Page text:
• spectrum of structural defects possible
      • associated with neurologic impairment due to involvement of distal spine (i.e. incontinence, decreased growth and movement of legs)
gi and gu
GI and GU
  • GI anomalies
    • Situs inversus, atresias, small left colon syndrome: presents like Hirschsprung disease, but innervation of the bowel is normal, inability to pass meconium resolves spontaneously
  • GU anomalies
    • Renal agenesis and other urinary tract abnormalities
  • Polycythemia
    • Intervention required when central hematocrit > 65 with symptoms or >70 when asymptomatic
    • Occurs in 13-33% of IDMs
    • Related to hypoxia in utero -> stimulates erythropoietin, which increases RBC production
    • Hyperviscosity in vasculature can cause sludging, ischemia, and infarction of internal organs
  • Hyperbilirubinemia
    • Occurs in 11-29% of IDMs
    • Risk factors include:
      • Prematurity
      • Birth injury resulting in bruising or cephalohematoma
      • Polycythemia causing increased hemolysis and release of bilirubin
birth injury
Birth Injury
  • Macrosomia puts infant at risk for injuries during delivery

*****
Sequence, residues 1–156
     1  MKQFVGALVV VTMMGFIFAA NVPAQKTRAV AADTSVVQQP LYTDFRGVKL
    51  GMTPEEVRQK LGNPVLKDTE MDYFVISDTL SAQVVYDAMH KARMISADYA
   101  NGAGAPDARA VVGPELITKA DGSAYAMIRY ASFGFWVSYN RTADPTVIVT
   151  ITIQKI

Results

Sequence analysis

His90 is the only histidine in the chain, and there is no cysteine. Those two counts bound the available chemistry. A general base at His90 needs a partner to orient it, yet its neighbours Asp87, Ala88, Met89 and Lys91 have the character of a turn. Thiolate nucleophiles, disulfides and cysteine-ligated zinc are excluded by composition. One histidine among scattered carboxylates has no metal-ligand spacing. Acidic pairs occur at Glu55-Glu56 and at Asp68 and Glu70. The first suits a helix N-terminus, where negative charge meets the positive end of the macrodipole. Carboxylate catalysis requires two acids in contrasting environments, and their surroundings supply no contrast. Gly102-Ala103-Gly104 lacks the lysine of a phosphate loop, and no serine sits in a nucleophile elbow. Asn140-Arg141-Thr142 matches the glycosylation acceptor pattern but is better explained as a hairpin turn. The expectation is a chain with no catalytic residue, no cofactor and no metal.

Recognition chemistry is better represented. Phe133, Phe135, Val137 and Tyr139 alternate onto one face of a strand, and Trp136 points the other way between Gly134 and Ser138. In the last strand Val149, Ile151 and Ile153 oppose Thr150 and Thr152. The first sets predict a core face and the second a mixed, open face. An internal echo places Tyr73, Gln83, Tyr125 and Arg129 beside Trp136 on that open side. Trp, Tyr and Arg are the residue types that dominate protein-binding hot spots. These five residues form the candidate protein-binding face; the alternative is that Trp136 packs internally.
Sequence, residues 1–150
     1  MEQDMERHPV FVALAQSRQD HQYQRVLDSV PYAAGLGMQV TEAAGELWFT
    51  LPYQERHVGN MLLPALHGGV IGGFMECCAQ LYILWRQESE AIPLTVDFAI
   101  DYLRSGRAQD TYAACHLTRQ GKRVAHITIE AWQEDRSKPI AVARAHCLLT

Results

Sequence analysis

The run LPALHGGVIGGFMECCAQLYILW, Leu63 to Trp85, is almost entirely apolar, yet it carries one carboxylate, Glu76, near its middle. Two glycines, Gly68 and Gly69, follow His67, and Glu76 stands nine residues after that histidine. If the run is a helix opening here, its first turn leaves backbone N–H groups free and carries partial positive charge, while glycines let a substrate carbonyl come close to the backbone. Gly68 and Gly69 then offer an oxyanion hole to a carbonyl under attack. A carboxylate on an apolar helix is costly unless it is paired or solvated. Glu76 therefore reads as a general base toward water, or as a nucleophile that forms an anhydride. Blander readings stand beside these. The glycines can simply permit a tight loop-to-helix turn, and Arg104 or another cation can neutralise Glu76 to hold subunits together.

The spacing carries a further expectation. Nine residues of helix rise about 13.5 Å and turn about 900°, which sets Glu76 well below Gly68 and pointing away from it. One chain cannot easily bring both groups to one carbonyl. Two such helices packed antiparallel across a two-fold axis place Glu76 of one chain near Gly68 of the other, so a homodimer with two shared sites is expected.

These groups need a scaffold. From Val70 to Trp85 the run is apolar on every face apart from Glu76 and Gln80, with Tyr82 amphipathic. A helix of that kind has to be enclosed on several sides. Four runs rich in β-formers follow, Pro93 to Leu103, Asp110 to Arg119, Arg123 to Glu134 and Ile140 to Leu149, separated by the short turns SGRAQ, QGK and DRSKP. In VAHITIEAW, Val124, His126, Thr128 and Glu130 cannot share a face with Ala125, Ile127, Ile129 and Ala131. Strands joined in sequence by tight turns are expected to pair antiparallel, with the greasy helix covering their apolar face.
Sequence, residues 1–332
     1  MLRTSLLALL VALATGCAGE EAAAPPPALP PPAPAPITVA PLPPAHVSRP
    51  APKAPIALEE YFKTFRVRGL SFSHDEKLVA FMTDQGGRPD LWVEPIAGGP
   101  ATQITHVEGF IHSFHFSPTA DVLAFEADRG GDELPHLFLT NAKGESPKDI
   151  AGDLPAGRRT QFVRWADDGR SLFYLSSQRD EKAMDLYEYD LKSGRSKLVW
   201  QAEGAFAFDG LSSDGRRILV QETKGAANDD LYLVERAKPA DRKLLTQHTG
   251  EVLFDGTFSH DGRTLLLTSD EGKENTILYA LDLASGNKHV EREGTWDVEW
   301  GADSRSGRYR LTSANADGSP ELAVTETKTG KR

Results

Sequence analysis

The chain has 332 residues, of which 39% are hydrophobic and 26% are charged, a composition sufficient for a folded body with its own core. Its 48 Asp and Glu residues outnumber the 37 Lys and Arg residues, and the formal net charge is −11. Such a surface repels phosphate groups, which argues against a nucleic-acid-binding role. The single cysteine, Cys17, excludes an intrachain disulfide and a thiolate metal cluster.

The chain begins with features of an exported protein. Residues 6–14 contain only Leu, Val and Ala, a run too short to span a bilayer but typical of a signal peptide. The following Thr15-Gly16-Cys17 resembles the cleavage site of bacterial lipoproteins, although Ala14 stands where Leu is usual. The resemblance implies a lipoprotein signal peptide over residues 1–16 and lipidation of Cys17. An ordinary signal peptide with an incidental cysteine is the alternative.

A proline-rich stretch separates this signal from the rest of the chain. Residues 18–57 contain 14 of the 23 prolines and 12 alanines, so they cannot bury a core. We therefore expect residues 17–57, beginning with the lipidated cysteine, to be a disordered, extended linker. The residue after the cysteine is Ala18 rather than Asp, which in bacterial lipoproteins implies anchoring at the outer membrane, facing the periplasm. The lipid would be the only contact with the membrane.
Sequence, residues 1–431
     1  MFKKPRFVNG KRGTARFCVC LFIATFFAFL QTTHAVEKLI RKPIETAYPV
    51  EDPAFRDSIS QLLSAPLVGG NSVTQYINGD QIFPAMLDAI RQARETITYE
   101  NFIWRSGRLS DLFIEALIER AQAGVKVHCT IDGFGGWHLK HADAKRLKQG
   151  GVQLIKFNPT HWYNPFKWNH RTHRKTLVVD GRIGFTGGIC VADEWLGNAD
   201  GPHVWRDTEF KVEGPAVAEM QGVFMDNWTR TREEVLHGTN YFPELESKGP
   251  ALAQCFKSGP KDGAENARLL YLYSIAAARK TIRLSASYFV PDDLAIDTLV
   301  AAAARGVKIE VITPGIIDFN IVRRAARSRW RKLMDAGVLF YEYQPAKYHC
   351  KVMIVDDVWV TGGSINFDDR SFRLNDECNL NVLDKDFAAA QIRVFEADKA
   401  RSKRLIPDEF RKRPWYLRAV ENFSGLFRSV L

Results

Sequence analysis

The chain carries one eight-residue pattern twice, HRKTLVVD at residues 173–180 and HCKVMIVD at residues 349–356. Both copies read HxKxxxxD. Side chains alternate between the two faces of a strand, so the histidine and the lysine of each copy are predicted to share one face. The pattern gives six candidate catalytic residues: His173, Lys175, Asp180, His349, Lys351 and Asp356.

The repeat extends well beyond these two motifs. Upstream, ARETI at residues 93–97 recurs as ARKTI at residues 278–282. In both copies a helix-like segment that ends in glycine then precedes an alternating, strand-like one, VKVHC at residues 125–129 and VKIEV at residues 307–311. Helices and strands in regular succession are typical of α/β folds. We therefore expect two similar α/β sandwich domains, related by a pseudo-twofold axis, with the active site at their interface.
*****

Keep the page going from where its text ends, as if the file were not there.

• Shoulder dystocia can lead to:
      • Clavicular and/or humeral fractures
      • Brachial plexus injuries
    • Traumatic delivery or need for vacuum/forceps assistance can lead to:
      • Cephalohematomas
      • Facial bruising
      • Facial nerve injuries
work up and management
Work-Up and Management
  • Follow blood sugars
  • If SGA or LGA, also check hematocrit
  • Further work-up and management depends on patient’s clinical presentation and physical exam
    • Hypoglycemia – early feeding or IVFs with dextrose
    • Symptomatic electrolyte abnormalities – replete electrolytes
    • Respiratory distress – Cardiopulmonary support, CXR/echo to search for cause
    • Hyperbilirubinemia – phototherapy
    • Polycythemia – IVF hydration or exchange transfusion
    • Neuro/GI/GU anomalies – imaging studies, specialist consult
  • Morbidity and mortality lessen with adequate diabetes control during pregnancy
  • If diabetes is poorly controlled, there is a higher risk of neurodevelopmental deficits
  • The risk of CP and epilepsy is increased
  • The risk of childhood obesity, diabetes, and metabolic syndrome is increased